Infant Mortality Crisis in Indiana
“By the time you wake up tomorrow morning, on average, another baby in Indiana has died.
In Allen County, 38 babies died in 2017, which is one baby every nine days, or three babies per month.”
Too many babies dying was the topic on February 20, when the St. Joe Foundation hosted its 20th Prenatal and Infant Care Network luncheon at the Allen County Public Library. Dr. Nancy Swigonski, MD, MPH, MBA, FAAP (I.U. School of Medicine) summarized the Infant Mortality crisis in Indiana, stating that in 2017, 602 babies died, or one baby every 16 hours, 1-2 per day. She complimented the data with several frameworks that successfully reduce infant mortality. Complementing this report, Erin Norton, RN, BSN, MBA (Parkview Health, Allen County Fetal Infant Mortality Review Committee) shared local findings and recommendations.
Dr. Swigonski explained, “If we want to attack Infant Mortality in our State, you need to be thinking about working in maternal health and infant health. By focusing on caring for women of childbearing years between pregnancies, recognizing that poor birth outcomes require interventions and risk reduction before pregnancy, especially in women with previous poor birth outcomes, we can move the needle,” said Dr. Swigonski. A promising new framework is the IMPLICIT (Interventions to Minimize Preterm & Low Birthweight Infants through Continuous Improvement Techniques) being developed by Dr. Emily Scott and the March of Dimes.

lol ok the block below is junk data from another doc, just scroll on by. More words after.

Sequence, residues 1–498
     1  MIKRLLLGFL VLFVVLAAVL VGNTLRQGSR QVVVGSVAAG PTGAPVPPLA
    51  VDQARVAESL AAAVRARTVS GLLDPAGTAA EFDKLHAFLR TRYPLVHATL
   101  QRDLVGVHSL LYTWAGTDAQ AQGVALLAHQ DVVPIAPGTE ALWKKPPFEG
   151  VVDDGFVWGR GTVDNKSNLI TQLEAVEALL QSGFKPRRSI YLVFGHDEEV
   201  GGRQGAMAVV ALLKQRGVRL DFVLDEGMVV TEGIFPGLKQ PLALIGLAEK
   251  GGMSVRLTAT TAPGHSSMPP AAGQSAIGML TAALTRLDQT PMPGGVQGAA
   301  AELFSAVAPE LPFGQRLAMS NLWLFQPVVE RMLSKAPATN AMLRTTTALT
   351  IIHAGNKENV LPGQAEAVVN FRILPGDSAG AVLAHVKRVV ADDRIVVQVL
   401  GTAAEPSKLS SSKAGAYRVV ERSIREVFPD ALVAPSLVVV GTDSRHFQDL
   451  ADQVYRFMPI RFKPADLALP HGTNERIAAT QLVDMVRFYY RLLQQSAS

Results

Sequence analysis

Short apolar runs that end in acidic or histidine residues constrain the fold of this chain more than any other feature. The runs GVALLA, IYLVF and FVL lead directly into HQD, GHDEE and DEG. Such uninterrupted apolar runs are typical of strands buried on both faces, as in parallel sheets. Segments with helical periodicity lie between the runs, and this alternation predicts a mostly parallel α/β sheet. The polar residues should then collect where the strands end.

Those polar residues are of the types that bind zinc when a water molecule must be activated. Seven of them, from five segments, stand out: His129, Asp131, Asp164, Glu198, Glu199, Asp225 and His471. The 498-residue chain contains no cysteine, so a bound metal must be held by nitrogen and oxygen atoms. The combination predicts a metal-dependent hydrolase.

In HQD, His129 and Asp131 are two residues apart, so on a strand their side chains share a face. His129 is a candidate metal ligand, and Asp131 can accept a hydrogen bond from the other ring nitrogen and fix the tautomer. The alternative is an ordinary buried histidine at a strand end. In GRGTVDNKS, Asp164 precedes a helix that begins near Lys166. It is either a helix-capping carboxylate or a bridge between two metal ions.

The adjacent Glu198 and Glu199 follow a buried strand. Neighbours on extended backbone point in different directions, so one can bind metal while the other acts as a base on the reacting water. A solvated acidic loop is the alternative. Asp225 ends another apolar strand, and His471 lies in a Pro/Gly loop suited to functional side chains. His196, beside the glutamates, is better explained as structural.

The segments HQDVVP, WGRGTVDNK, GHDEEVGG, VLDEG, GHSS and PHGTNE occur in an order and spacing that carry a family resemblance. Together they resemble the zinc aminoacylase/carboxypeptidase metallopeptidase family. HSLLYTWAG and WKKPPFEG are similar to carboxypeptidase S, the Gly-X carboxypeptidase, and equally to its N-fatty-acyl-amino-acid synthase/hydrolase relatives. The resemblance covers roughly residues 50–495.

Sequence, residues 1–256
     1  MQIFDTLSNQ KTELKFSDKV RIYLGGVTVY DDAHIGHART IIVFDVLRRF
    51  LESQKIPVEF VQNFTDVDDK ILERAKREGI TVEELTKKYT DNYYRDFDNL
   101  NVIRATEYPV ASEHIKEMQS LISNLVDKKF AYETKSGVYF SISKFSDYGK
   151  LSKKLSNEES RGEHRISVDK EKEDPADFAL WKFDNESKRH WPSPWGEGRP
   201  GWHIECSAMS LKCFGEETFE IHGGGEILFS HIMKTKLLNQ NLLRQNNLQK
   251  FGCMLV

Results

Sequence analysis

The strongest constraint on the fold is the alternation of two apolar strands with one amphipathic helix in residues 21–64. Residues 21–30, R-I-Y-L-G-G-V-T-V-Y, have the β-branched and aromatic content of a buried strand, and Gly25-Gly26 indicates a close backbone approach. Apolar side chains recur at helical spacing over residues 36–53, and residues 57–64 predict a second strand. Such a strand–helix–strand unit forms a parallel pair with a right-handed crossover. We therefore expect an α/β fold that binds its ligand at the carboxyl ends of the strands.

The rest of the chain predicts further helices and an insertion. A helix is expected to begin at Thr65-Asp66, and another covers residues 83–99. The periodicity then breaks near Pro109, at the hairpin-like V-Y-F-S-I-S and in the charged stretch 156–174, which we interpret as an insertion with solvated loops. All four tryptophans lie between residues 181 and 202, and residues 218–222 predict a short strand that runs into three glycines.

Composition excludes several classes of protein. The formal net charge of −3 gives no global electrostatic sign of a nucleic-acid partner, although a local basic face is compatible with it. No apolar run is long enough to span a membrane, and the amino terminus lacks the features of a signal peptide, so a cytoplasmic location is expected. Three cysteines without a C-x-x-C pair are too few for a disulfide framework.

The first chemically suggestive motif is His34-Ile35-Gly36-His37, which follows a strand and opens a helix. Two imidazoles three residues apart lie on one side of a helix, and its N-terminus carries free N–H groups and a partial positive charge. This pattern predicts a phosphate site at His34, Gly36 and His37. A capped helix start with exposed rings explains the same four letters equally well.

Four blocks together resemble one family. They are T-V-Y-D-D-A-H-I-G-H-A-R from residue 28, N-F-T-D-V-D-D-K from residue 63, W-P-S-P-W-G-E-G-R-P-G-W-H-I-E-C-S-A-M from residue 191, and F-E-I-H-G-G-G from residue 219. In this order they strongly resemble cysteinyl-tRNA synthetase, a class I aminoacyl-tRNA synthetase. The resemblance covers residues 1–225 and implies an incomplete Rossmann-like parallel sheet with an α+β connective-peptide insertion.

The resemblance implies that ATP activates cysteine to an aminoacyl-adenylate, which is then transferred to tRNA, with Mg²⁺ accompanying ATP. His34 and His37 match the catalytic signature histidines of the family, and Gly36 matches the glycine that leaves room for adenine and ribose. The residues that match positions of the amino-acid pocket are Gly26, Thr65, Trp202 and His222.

Currently, only 18% of women in the U.S. get preconception care. Pediatricians are now encouraged to screen Mothers for tobacco use, maternal depression, and other social determinants of health. “We need to support Moms after the baby is here.” Why? Because Maternal Mortality is on the rise in Indiana too. Approximately 700 women in the U.S. die due to pregnancy-related causes, 41 women are from Indiana. Women of color are 3 to 4 times as likely to die from childbirth complications than white women, and of these deaths, 60% are preventable according to data research.